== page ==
Final Fantasy Crystal Chronicles has no EXP or levels, with the only ways to strengthen a character being forging better equipment and picking a single stat upgrade such as “Strength +1” or “Magic +2” after clearing a dungeon. The four Tribes in the game each have their specialization as well. The Clavat are all-rounders, the Lilty focus on strength, the Yuke on magic, and the Selkie on having a faster charging time for attacks or magic.
Speaking of Magic, there’s no MP in FFCC either, and to use spells, you’ll have to first get Magic Stones such as “Cure” and “Fire” by defeating monsters. You actually lose these Stones once you clear a dungeon, meaning if you’re specializing in Magic, you’ll have to get them back each time. This doesn’t even count as farming though, as the drop rates are extremely generous. The first monsters you kill after entering a dungeon will almost always drop you magic stones. Note that you can also earn accessories granting you usage of a specific spell at all times.
Moreover, you can also fuse magic stones to create more powerful or brand new Magic by stacking different stones in your Command List. The order in which you stack them will trigger different results as well. Simply put, stacking two Fire in your Command List will fuse them into Fira. Stacking three will fuse into Firaga. Those Tier 3 magic abilities are quite powerful and make many encounters much easier.
This is another problem of the battle system overall, though. The first hours of dungeon exploration in Crystal Chronicles will feel incredibly difficult and unnatural as you get used to the game, but soon enough, you’ll realize it’s incredibly easy, yet tedious and annoying. Enemy patterns are quite simple to remember, and the most effective strategy is to “bait” enemies. Getting in their attack range so they initiate their attack, while you quickly back off and thus have time to charge your own attack. As charged strikes and especially magic, which always need to be charged, will deal much more damage.
While there is some variety, like ghost enemies which can only be damaged after first hitting them with the holy magic, battles in Crystal Chronicles feel like a repetitive chore. They are needlessly long as well, once you start redoing some of the early dungeons but in higher difficulty. Most mobs feel like HP sponges. They’re easy to dodge and to deal with, and yet take forever to defeat.
Again, the game is generous with drops too, so after a few hours, you’ll also have an incredible stock of Phoenix Downs — an item which automatically revives you as long as you have one in your Command List. It makes most bosses into a tedious chore you need to go through, slowly chipping away at their HP bar. Plus, the game almost always makes an enemy drop a Cure magic stone, ensuring you an easy, unlimited way to recover HP.
In Multiplayer, fusing Magic by yourself through your Command List isn’t possible. Instead, you’ll have to coordinate with your teammates and cast each separate Magic you want to fuse at the right moment. It sounds cool in theory, but again, ultimately just feels like adding another hurdle to the already bothersome battle system. Once two in-game years have passed after clearing a dungeon, the Myrrh in that dungeon will be replenished, but the layout will include new, tougher enemies. There are high difficulty post-game dungeons as well. However, it’s simply not fun to revisit these, even in multiplayer. At the end of the day, you’ll constantly tell yourself you could use your own and your friends’ time in a better way.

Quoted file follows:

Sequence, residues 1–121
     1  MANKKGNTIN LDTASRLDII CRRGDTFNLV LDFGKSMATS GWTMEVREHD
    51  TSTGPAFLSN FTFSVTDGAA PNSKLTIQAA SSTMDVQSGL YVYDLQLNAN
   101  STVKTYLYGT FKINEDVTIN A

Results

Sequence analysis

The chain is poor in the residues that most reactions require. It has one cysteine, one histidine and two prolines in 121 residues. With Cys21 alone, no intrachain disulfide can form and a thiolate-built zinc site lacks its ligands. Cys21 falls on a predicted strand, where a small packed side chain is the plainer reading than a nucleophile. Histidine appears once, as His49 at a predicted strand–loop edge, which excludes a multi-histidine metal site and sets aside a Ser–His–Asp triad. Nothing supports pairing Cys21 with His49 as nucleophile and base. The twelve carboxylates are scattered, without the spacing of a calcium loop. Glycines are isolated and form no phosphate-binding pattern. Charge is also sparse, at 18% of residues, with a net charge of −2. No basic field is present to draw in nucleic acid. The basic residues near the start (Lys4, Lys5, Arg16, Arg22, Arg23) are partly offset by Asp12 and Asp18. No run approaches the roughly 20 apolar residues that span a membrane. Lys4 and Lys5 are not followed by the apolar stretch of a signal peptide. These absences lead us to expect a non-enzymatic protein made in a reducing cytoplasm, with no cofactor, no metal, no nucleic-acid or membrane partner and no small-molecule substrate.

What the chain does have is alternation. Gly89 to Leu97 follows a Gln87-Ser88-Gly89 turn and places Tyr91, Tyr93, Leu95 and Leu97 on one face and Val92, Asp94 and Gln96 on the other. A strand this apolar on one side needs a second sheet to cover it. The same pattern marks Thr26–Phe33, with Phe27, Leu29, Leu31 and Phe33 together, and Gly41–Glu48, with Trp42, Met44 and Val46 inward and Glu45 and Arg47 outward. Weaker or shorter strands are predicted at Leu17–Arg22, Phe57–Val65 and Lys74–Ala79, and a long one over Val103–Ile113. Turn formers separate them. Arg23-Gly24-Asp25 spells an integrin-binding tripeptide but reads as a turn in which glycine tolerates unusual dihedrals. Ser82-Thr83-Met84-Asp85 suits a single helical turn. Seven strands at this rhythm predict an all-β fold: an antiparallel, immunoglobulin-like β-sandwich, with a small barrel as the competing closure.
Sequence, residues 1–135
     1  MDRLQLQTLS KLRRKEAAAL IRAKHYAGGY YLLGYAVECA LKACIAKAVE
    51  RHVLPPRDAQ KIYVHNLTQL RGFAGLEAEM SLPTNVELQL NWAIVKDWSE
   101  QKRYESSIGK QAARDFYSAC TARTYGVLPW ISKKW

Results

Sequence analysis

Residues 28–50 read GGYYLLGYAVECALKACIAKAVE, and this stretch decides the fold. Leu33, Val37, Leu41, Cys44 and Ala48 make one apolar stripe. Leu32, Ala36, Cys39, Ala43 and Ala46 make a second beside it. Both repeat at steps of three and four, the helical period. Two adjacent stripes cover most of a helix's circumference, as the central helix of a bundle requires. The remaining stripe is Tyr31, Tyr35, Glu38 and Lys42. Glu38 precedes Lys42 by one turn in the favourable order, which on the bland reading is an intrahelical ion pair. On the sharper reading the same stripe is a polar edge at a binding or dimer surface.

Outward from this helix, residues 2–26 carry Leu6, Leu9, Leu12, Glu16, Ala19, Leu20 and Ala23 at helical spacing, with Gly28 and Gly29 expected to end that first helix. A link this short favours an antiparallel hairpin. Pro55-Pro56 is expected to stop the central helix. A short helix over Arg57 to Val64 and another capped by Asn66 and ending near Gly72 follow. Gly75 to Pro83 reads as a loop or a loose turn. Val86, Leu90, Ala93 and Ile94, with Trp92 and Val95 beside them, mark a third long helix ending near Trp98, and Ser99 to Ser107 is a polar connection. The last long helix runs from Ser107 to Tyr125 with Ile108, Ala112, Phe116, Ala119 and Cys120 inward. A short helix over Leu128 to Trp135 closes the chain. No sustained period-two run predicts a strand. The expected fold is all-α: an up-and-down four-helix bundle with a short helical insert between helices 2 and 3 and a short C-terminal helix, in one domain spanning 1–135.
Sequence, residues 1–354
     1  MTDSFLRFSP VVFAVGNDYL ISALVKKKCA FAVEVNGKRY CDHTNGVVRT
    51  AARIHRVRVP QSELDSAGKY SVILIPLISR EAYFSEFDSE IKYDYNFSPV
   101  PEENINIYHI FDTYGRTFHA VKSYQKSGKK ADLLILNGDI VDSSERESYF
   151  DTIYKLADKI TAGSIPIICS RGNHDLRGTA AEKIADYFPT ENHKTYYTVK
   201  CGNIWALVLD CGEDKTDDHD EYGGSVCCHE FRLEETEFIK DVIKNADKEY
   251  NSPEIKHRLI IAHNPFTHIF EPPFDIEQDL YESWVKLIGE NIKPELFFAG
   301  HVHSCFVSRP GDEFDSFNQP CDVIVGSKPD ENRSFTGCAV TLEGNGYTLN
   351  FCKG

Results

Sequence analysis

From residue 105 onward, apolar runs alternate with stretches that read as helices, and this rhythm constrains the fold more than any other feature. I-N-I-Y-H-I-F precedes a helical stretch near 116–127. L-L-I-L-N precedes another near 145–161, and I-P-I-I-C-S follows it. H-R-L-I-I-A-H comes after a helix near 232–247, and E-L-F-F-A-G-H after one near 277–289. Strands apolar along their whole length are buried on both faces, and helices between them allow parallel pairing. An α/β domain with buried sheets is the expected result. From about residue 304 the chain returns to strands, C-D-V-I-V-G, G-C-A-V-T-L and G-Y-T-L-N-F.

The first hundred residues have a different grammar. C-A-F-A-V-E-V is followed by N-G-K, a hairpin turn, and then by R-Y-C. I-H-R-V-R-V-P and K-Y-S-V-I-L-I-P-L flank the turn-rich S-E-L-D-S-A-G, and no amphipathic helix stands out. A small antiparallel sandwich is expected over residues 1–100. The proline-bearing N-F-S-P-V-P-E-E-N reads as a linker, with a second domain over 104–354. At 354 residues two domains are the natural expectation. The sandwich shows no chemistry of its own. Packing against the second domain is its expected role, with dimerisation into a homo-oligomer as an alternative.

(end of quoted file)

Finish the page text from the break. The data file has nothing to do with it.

Lastly, I’d also add it’s a shame many quality-of-life improvements that could have been made to Final Fantasy Crystal Chronicles aren’t present in this Remastered Edition. Certain issues are really baffling like being unable to check your characters’ stats and inventory in the character selection menu on the world map. You need to pick a character, go inside a town, and then you’re allowed to check the inventory menu. Want to check another character’s stats? You’d like to buy that item you’ve seen at the shop with another character’s money? You’ll have to go back to the world map, change to this character, and enter back town again.
Speaking of the towns, some of them are particularly big and it’s a pleasant surprise. Once you’re done shopping, a shortcut to instantly return to the world map would have greatly helped, instead of having to walk all the way back to the exit. It’s incredibly puzzling such simple improvements weren’t added to the game, despite the development team going as far as making online multiplayer crossplay between PS4, Switch, and mobile.
The scenario and world-building of Final Fantasy Crystal Chronicles are by far the best aspects of the game and what will push players forward, clearing dungeons despite the tediousness. Some of these flaws were corrected in following Crystal Chronicles games. Perhaps future remasters, remakes, or new projects from Square Enix could make everyone remember the Crystal Chronicles series for brighter reasons. Meanwhile, if you really want to try out FFCC Remastered Edition, out of curiosity, nostalgia, or anything else, I highly suggest grabbing the trial version (PS4, Switch) first, which also allows online multiplayer.
Editor’s Note: We’ve removed the ribbing about “unseasoned food” from the flavor text; it’s an internet joke that definitely didn’t fit the tone of the article.